If you're planning on going to protest at the Democratic National Convention in Denver August 25-28, they're not making it easy on you.
Neither the city nor the Secret Service has yet let the public know about when and where they can protest.
It should be considered an abomination even to have to ask, under our Constitution, to exercise our First Amendment rights.
But after what happened four years ago at the Democratic Convention in Boston or at the Republican Convention in New York or at the FTAA protests in Miami, the ability to speak, assemble, and petition our government for redress of grievances has become very circumscribed.
Many protest groups are willing to jump through the bureaucratic hoops, but in Denver, they don't even know how narrow those hoops are going to be.
"Denver has refused to process any applications for parade permits during the DNC, and it has refused to disclose any information about the 'demonstration zone' that it plans to set up," explained Steven D. Zansberg, an ACLU cooperating attorney. "Denver says it is waiting for the Secret Service to decide the outer boundaries of the security perimeter, and the Secret Service says it may not decide until July. If the plaintiffs are forced to wait for these government agencies to act, there will be not be enough time for a court to review unreasonable restrictions on First Amendment activity."
Plaintiffs include the ACLU, American Friends Service Committee, American Indian Movement of Colorado, Americans for Safe Access, CODEPINK, Escuela Tlatelolco, Troops Out Now Coalition, Recreate 68, Rocky Mountain Peace & Justice Center, Citizens for Obama, Tent State University, and United for Peace and Justice.
"Less than 120 days before" the Democratic National Convention, "the plaintiffs are unable to organize and plan their free speech and assembly activities," the lawsuit alleges. "Despite numerous requests and urgings from the plaintiffs over the past several months, the City and County of Denver has refused even to begin the process of issuing permits needed to conduct 'parades' (political protest marches) along the public thoroughfares that from time immemorial have been reserved for such expressive use by the People."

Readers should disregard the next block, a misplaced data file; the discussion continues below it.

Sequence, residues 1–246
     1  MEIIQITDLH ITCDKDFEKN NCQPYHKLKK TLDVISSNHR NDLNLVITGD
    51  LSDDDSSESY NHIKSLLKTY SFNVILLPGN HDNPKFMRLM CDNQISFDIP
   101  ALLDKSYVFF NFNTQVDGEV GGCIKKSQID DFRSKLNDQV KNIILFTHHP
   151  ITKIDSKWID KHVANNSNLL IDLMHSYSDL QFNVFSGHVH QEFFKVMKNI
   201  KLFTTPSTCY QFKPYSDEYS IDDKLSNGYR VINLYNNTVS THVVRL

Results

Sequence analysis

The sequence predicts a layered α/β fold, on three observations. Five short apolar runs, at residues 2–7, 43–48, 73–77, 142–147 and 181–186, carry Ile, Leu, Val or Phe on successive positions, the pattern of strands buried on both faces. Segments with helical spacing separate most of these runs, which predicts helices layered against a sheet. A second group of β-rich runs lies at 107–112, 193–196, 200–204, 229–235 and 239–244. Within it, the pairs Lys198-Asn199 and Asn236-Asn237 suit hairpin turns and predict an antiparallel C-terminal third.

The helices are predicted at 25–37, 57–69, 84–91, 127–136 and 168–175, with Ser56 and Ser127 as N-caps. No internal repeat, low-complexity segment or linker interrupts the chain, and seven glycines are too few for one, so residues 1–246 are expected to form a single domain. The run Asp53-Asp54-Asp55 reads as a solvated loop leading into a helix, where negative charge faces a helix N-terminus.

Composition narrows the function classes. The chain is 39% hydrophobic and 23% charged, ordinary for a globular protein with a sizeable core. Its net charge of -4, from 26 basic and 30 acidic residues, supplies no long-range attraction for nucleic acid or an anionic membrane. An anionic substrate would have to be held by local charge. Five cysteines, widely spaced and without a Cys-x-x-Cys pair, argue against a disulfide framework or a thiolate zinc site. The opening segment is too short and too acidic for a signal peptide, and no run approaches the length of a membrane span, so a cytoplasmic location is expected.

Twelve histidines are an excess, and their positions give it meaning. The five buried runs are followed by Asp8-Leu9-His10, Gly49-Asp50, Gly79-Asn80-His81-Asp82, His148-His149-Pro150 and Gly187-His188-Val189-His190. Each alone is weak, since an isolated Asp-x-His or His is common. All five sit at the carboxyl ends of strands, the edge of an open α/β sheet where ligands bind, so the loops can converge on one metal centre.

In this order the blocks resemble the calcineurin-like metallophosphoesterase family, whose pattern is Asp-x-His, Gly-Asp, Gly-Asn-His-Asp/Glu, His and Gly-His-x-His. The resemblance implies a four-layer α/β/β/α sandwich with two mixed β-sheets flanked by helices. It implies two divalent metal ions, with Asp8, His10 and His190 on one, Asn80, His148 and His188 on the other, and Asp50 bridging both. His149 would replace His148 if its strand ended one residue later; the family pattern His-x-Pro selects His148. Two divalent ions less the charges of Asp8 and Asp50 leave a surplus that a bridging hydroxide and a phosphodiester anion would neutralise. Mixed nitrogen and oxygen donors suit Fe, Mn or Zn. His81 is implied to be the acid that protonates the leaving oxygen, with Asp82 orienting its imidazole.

Stalling by the city and the Secret Service is "making it impossible for Plaintiffs to organize rallies, protests, and other demonstrations," thus infringing on their constitutional rights, the suit says.
The protest groups are urging the court "to order the Secret Service to share with the city the information the city says it needs in order to process the Plaintiff's pending requests for parade permits."
All of the plaintiffs are nonviolent. One plaintiff, "Citizens for Obama," is a group set up by a Vermont citizen named Damian Sedney. He's been trying to get a permit for a pro-Obama march and rally at the convention. And even he has been stymied.
The ACLU of Colorado has been in discussion with the City of Denver, and in particular Deputy Police Chief Michael Battista, since May 23, 2007, about the upcoming protests. The group held four meetings with Battista or other city officials last year about this, and has had several other communications this year. Battista told the ACLU of Colorado that the Secret Service would have a "hard-security perimeter" around the Pepsi Center, where the convention is being held. Battista said there would be "free speech zone" or "demonstration zone" outside the Secret Service's perimeter.
But these zones have yet to be announced, and anyway, not all the plaintiffs are willing to be penned in like that.
"For certain plaintiff organizations," the suit says, "the prospect of being caged behind wires and fencing, with battalions of riot-clad law enforcement flanked around them, is anathema. In the eyes of these organizations, such militarism and forced confinement in the face of peaceful, humble petitioning is wholly inappropriate, and they refuse to enter such a 'demonstration zone.' Instead, these organizations intend to exercise their constitutional right of peaceful assembly and speech on the public forum spaces, such as sidewalks, walkways, and the like, as close as possible to the Convention. For these plaintiff organizations, therefore, it is imperative that the city not unconstitutionally close off access."
The Secret Service did not return a call for comment.
Denver City Attorney David Fine gave the following statement:
"No one has been denied a parade permit. No one has been denied the right to protest. In fact you will see a vigorous exercise of free speech during the convention - in many ways and in many places. That being said, we will review the plaintiff's papers and respond as necessary." Matthew Rothschild is the editor of The Progressive magazine.
© 2008 The Progressive